While almost all of our historic districts are naturally fine-grained, our current economy strongly favors the coarse-grained for new construction.  One reason for this is the parking space requirements imposed on new development by local governments (and sometimes project lenders.)  As parking expert Donald Shoup has pointed out, these requirements are often quite arbitrarily derived and have large but hidden impacts to the costs of business and housing.  They require a lot of space for the parking itself, as well as a project large enough to cover the costs of including it.  Another reason the coarse-grained is favored is that modern processes for development in the city are complicated, and larger developers who navigate them tend to do larger projects. Finally, a downtown-Cincinnati specific reason for the general lack of fine-grained new construction is available land.  Many small parcels do exist, but they are being used as pay parking lots that provide a low risk, low maintenance stream of revenue to their owners, making the owners reluctant to sell or develop.

The fine-grained nature of older buildings makes them more important to maintaining a diverse economy, one with many small, active participants, than ever before.  Fine granularity that is being lost, for the most part, is not being replaced.

How the Dennison Fits In

Now tying it all back to the Dennison.  I’m not trying to say that rehabbing the Dennison would be a small project.  It would take millions of dollars and require obtaining historic tax credits, and the building itself would probably be owned by a medium to large company after the rehab is complete.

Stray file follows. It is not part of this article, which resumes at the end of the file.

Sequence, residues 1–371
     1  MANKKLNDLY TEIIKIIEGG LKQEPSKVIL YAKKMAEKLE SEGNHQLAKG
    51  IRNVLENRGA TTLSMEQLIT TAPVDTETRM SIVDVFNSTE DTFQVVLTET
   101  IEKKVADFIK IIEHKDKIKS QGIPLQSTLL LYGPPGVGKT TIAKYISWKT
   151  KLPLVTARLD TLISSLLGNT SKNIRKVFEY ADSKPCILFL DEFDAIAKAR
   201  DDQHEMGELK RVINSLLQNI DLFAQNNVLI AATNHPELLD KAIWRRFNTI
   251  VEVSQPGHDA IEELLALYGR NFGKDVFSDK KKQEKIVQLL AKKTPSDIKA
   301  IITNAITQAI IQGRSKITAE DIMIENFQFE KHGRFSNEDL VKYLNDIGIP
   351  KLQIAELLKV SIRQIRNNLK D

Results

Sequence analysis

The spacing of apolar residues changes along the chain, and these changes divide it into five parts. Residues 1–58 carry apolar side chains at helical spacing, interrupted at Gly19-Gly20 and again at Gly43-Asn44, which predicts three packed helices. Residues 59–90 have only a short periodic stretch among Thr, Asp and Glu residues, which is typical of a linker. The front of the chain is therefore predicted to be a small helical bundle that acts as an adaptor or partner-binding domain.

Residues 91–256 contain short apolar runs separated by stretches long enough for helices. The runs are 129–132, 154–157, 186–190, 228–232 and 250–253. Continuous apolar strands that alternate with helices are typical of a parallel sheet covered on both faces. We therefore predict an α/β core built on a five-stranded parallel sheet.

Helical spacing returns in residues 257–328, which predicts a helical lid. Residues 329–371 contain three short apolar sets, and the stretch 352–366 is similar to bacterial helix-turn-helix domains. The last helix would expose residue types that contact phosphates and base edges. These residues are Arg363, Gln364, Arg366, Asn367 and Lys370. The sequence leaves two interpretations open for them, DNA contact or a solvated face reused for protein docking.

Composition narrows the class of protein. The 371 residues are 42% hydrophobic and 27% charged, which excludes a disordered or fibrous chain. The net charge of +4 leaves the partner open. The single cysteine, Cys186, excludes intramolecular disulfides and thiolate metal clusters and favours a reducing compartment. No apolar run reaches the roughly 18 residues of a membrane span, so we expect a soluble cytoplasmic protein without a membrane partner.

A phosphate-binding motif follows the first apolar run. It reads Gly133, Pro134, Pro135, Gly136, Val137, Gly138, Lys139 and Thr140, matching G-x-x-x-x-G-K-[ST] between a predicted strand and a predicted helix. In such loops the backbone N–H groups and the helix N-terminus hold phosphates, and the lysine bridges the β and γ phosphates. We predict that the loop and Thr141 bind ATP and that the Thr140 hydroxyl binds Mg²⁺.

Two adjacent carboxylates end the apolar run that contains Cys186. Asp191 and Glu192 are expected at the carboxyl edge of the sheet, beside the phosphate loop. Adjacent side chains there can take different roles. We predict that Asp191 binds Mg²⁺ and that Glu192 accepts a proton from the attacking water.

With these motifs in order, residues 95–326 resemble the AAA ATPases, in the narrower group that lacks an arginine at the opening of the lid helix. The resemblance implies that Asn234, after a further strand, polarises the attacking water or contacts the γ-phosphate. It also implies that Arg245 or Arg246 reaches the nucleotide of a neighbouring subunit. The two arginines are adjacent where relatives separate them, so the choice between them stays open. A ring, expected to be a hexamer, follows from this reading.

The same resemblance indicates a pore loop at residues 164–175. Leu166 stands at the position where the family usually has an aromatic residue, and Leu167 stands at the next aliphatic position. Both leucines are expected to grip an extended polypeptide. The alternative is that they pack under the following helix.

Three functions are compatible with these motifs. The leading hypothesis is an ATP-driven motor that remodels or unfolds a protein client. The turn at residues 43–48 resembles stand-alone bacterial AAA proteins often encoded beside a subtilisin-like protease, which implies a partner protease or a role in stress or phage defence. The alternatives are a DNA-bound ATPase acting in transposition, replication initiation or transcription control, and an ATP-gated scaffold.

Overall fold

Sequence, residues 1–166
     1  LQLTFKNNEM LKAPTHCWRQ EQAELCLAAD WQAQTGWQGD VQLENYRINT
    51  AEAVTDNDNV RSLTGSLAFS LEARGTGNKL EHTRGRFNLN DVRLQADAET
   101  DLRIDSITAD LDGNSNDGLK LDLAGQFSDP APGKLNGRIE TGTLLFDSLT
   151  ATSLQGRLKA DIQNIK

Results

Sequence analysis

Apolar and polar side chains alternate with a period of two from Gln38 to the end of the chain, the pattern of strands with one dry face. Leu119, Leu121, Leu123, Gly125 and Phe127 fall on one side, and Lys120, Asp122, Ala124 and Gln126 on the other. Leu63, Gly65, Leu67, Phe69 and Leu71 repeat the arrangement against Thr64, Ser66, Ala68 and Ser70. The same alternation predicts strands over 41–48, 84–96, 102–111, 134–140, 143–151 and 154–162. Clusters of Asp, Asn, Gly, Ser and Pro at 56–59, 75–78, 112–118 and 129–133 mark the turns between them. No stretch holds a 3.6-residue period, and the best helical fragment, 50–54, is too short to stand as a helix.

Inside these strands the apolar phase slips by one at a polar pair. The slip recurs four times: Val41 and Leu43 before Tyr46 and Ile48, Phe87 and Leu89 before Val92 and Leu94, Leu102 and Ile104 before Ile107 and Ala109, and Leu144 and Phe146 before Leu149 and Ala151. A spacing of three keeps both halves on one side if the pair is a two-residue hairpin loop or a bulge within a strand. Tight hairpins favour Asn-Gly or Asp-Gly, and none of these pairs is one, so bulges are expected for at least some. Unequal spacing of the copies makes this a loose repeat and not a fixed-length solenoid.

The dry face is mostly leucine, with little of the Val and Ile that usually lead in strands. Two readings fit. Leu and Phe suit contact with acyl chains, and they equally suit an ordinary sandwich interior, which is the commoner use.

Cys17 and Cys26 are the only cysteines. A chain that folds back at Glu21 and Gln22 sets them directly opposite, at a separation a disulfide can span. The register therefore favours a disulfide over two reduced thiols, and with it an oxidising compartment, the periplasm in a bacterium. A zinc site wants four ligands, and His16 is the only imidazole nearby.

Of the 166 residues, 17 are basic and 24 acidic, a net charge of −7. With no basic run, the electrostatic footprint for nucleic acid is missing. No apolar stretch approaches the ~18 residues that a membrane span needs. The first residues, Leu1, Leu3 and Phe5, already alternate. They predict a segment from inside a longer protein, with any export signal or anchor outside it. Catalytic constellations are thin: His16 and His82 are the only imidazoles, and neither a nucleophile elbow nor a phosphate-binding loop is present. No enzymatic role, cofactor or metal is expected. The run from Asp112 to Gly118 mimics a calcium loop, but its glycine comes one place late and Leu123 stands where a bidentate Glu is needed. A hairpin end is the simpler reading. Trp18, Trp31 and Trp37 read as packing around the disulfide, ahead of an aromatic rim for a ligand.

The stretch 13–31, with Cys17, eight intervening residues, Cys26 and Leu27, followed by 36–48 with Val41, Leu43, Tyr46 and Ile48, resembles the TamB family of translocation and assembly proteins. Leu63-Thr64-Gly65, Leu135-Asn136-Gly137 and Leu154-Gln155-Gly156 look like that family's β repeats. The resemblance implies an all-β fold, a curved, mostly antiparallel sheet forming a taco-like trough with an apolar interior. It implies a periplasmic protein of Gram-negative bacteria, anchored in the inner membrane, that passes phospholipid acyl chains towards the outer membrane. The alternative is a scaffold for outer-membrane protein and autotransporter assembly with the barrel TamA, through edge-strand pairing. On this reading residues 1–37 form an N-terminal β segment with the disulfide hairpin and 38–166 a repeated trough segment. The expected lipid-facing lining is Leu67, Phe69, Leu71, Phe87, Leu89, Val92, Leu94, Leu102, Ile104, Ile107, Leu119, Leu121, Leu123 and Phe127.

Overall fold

I am saying that a loss of the Dennison would be a loss of granularity.  In the current form, even though the surrounding parking lot and Dennison building are currently under the same ownership, the very existence of the building at least makes it possible that the building could be put to a different use or bought and sold separately from the surrounding lot.  However, after demolition, the building’s footprint would be rolled up into the already very large surrounding parking lot also owned by the Columbia group, unlikely to be separated out again.

Given the demolition of multiple surrounding buildings in 1987, this means a block that once had many building types, in various states of repair, with many landlords, charging rent at multiple price points, will now be mostly a single unit controlled by a single entity for the foreseeable future.  And that type of consolidation is what has been happening to our economy in a nutshell.

Article from the January 14, 1987 Cincinnati Enquirer.  The proposed office building never happened and the area remains a parking lot.

I believe the same granularity argument applies to preserving the Davis Furniture building on Main Street in Over the Rhine as well.*

 *As with everything, though, and for the sake of consistency with my other blog posts, the granularity argument needs to be balanced with other concerns.  For example, I would not oppose a new development on an empty lot solely on the basis of its being coarse-grained: Cincinnati needs to add people, and most new development falls into the coarse grained category.  I also would not, for neighborhood affordability’s sake, be in favor of preserving a something like single story garage if 30 condos could fit onto the site; but these are considerations on a case-by-case basis best left for other blog posts.